The Man Who Was Loved
There’s something about Venice that defies conventional description and so does this enigmatic novel. Not so much a novel, it’s more a literary evocation of the continual shifting relationship between love, life and death. Kay MacCauley has the power to draw us into a different world and keep us enthralled.
There is a narrative of sorts. We first meet Marin, as an abandoned infant, drifting between life and death in a Venice orphanage. He is then ‘rescued’ by one of the nuns who believes he’s her own dead child re-incarnated and so begins Marin’s strange life. He grows into a beautiful youth but who exactly is he? Just as Death is portrayed as a genial shape-shifter who pushes his stinking handcart through the alleys and piazzas of the city, so Marin is not his own person but someone who reminds everyone he meets of someone they once loved and lost. When plague comes to the city and dead fish wash up to shore in their hundreds, the citizens seek a saviour. Could he be Marin? Yet he himself feels adrift from humanity, adrift from his own identity as he observes the comings and goings of those around him; fishermen, spice merchants, jugglers, beggars, rich, poor, sacred and profane. Sometimes he is destitute. At others he lives in luxury. But wherever he is and whatever he does, danger is never far away. Things can change as quickly as the rising tides.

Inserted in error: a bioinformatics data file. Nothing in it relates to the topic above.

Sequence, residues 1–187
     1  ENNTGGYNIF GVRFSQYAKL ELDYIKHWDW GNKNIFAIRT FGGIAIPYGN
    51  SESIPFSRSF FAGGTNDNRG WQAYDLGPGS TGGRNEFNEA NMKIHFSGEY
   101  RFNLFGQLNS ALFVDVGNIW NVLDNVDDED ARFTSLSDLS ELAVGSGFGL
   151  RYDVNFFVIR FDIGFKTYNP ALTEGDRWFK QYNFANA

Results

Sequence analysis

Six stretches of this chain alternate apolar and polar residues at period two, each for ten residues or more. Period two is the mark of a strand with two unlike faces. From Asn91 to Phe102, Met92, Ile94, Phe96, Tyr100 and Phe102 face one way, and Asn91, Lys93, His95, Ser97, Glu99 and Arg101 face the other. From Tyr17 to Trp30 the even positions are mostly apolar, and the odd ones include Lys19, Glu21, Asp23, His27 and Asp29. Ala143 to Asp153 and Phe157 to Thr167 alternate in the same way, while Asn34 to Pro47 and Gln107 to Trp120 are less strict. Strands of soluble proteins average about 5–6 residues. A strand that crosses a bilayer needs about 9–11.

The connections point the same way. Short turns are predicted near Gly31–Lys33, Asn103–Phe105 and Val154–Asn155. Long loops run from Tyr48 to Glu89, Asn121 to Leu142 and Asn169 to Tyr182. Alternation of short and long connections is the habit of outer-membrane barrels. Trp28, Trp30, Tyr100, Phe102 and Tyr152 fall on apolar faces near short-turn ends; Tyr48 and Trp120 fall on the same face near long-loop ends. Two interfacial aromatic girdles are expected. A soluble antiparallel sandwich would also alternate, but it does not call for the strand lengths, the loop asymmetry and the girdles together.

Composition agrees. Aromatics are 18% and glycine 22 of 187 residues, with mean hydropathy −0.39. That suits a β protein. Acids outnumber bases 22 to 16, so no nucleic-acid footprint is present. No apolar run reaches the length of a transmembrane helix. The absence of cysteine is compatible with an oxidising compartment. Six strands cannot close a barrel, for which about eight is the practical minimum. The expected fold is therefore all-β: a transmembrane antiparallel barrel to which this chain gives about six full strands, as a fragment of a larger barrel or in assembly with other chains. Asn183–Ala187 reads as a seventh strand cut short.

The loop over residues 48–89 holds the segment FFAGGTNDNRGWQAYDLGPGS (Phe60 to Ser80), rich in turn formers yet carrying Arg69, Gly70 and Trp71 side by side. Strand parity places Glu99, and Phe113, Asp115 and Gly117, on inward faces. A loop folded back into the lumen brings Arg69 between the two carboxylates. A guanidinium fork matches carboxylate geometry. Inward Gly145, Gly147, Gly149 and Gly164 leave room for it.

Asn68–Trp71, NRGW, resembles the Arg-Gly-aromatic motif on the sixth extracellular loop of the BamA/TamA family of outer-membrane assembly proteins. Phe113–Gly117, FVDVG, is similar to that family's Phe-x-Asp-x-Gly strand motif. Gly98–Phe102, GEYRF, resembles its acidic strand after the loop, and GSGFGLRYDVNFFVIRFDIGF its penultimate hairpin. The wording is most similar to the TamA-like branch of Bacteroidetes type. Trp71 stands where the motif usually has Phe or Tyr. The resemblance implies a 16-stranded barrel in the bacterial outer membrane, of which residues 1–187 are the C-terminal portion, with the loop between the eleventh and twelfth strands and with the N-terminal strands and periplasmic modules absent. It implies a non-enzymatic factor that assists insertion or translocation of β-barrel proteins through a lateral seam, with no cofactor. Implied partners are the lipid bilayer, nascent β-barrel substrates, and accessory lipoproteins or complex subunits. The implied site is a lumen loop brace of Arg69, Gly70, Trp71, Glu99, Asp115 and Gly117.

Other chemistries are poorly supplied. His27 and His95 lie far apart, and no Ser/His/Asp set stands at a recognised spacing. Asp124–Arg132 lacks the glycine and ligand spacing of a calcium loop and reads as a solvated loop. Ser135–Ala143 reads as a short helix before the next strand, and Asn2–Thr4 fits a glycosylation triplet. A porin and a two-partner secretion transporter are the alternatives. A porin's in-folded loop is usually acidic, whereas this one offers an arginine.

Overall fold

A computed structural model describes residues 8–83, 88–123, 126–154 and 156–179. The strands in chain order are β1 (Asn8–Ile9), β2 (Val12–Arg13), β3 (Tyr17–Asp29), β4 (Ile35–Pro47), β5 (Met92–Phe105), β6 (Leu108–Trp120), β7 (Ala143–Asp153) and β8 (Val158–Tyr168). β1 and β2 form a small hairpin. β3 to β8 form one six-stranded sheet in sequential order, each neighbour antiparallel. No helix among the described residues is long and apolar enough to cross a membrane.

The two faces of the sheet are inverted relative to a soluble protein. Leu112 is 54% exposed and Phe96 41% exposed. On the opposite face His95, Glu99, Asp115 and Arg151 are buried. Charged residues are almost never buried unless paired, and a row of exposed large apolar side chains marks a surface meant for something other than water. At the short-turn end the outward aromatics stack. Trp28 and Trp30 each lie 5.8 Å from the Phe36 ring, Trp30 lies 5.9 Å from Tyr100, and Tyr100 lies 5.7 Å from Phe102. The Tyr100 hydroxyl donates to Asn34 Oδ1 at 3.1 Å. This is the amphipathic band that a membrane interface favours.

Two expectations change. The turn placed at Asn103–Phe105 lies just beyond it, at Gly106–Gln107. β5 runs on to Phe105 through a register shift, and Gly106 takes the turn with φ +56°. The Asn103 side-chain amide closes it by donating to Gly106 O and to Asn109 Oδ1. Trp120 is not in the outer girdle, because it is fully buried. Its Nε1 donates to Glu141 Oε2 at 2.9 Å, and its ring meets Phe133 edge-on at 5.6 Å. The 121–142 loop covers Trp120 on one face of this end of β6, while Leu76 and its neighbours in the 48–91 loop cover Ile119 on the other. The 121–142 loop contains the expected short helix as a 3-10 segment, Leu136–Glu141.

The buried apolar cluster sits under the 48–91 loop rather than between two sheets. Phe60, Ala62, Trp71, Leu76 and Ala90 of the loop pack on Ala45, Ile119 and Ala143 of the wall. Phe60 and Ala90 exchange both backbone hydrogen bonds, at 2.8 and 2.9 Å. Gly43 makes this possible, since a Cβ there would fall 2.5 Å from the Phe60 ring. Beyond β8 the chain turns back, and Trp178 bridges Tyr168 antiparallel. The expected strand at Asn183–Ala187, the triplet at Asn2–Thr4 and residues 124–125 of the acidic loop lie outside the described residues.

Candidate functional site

MacCauley writes like a profane angel. Sensuous and evocative, 16th century Venice, with its decadent beauty and decay, soon gets under the skin. If I had any criticism it is its richness that threatens mental indigestion. But then this is a novel to savour and not gobble up. Whether it means something or nothing at all matters not. Let it surround you and draw you to your own conclusions.
This is a stunning debut by a new writer and a new literary publisher. I expect more great things from both in the future.